Lightroom vs. Lightroom Classic: Which is BEST For You? (VIDEO)

We regularly post Lightroom tutorials to help make post-processing easier and more effective. And often when we we do there are questions about the differences between Lightroom and Lightroom Classic. Today we’ll end the confusion.

This tutorial is from our friends at the Rocky Mountain School of Photography (RSMP), a Montana-Based institution that’s been preparing students for careers in photography since 1989. If you’re thinking about investing in one of these Adobe programs, or switching from one to the other, the 11-minute video below explains everything you need to know.

Forrest de Saintonge (we’ll just call him Forrest), Director of RSMP, says, “Both programs are fantastic, but they are made for totally different types of photographers,” and he compares the key differences (and some similarities) between the two. He also discusses why many photographers have recently switched from Lightroom Classic to Lightroom.

The most fundamental difference between the two programs is where your images are stored. As Forrest explains, Lightroom stores and backs up your images on the cloud after being uploaded to Adobe’s servers. This means when you want to process a photo it’s downloaded so you can make your edits before the changes are pushed back to the server.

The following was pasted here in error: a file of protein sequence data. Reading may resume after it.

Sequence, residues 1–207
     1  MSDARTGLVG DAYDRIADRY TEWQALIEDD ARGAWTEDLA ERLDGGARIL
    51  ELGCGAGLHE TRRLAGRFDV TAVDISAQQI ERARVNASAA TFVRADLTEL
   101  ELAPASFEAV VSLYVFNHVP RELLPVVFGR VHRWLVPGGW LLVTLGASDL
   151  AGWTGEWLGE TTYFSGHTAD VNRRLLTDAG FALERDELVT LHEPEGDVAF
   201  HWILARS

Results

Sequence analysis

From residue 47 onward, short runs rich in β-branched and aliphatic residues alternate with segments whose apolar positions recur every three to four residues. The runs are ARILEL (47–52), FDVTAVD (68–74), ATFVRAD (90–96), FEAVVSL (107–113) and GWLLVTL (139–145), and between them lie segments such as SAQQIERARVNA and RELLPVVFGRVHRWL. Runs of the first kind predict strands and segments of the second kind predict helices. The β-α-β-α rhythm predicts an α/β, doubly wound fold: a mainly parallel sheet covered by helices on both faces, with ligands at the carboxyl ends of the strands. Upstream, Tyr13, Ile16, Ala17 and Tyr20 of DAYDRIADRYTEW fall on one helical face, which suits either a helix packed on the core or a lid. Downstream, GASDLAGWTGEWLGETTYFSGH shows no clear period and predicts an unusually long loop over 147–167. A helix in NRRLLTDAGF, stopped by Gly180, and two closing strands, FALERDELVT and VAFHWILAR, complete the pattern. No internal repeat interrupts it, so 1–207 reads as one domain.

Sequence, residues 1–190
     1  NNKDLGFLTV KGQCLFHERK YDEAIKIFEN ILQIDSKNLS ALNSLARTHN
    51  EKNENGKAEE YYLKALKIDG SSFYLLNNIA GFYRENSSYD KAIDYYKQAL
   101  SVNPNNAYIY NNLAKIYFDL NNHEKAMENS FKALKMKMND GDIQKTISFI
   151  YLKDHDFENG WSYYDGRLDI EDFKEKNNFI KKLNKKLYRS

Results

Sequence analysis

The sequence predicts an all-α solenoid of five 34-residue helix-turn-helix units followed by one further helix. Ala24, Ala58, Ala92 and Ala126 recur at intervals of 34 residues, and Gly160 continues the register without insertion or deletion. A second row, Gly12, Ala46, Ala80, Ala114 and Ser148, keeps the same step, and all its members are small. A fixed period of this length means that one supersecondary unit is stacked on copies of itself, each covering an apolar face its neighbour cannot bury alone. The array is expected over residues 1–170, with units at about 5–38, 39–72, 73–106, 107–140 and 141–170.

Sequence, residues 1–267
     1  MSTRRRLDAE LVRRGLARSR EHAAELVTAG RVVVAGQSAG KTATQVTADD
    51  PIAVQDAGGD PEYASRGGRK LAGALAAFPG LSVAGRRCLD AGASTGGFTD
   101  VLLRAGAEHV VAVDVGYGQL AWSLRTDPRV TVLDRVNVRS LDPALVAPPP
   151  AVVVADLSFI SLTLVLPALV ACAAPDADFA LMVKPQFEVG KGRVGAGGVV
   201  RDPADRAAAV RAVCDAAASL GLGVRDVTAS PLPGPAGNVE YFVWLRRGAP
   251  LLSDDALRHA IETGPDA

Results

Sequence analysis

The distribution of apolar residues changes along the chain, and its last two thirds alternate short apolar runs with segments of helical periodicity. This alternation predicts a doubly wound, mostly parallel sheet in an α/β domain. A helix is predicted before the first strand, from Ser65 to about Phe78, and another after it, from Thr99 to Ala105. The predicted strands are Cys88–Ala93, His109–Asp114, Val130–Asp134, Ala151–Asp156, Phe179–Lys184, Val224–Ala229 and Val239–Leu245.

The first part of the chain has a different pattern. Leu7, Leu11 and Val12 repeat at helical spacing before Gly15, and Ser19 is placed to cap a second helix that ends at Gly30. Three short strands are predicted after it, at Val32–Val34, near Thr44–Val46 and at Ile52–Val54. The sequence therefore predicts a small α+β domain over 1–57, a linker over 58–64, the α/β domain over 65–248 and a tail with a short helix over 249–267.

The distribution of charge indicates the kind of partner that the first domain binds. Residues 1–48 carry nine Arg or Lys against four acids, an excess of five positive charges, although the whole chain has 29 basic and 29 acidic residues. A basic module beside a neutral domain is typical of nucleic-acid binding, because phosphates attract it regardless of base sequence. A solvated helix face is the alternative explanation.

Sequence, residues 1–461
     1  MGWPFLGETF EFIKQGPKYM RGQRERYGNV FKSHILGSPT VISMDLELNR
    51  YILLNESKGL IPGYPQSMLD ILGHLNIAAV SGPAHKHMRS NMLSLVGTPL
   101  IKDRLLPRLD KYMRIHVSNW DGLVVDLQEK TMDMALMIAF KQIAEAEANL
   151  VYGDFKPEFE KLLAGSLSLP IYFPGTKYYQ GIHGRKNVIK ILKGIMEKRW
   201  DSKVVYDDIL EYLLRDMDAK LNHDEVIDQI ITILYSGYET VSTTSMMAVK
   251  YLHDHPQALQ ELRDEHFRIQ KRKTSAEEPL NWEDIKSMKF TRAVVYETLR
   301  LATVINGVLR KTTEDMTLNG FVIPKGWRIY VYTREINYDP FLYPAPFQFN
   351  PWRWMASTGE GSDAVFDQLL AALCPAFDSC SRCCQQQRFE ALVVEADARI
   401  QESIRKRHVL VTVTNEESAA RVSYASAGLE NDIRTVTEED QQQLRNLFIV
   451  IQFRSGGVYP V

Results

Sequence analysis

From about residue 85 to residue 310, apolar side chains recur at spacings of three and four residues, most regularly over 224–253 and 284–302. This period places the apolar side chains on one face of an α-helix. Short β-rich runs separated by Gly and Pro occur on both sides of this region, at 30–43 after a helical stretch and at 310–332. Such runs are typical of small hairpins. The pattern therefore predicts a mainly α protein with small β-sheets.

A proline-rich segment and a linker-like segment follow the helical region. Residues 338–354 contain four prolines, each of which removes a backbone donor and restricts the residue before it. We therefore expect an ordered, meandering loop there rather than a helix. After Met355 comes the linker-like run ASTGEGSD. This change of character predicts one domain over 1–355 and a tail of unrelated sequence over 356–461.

Lightroom Classic, on the other hand, relies upon local storage, meaning your images and the adjustments you make are stored on your personal internal or external hard drive. As you’ll see, this has important implications regarding backing up your work, and Forrest says, “I’m a huge proponent of a good, redundant backup workflow.” With classic it’s your responsibility to control that routine.

Of course the backup system your prefer is only the first of many key differences between Lightroom and Lightroom Classic, and Forrest covers all of the essential distinctions so you can decide which suits your personal approach to editing and saving your work.

There’s a wealth of great advice on shooting techniques, editing, and photo equipment on the RSMP YouTube channel, so be sure to take a look.

We also encourage you to check out the tutorial we posted recently, explaining two new Lightroom tools another expert says, “you really need to use.”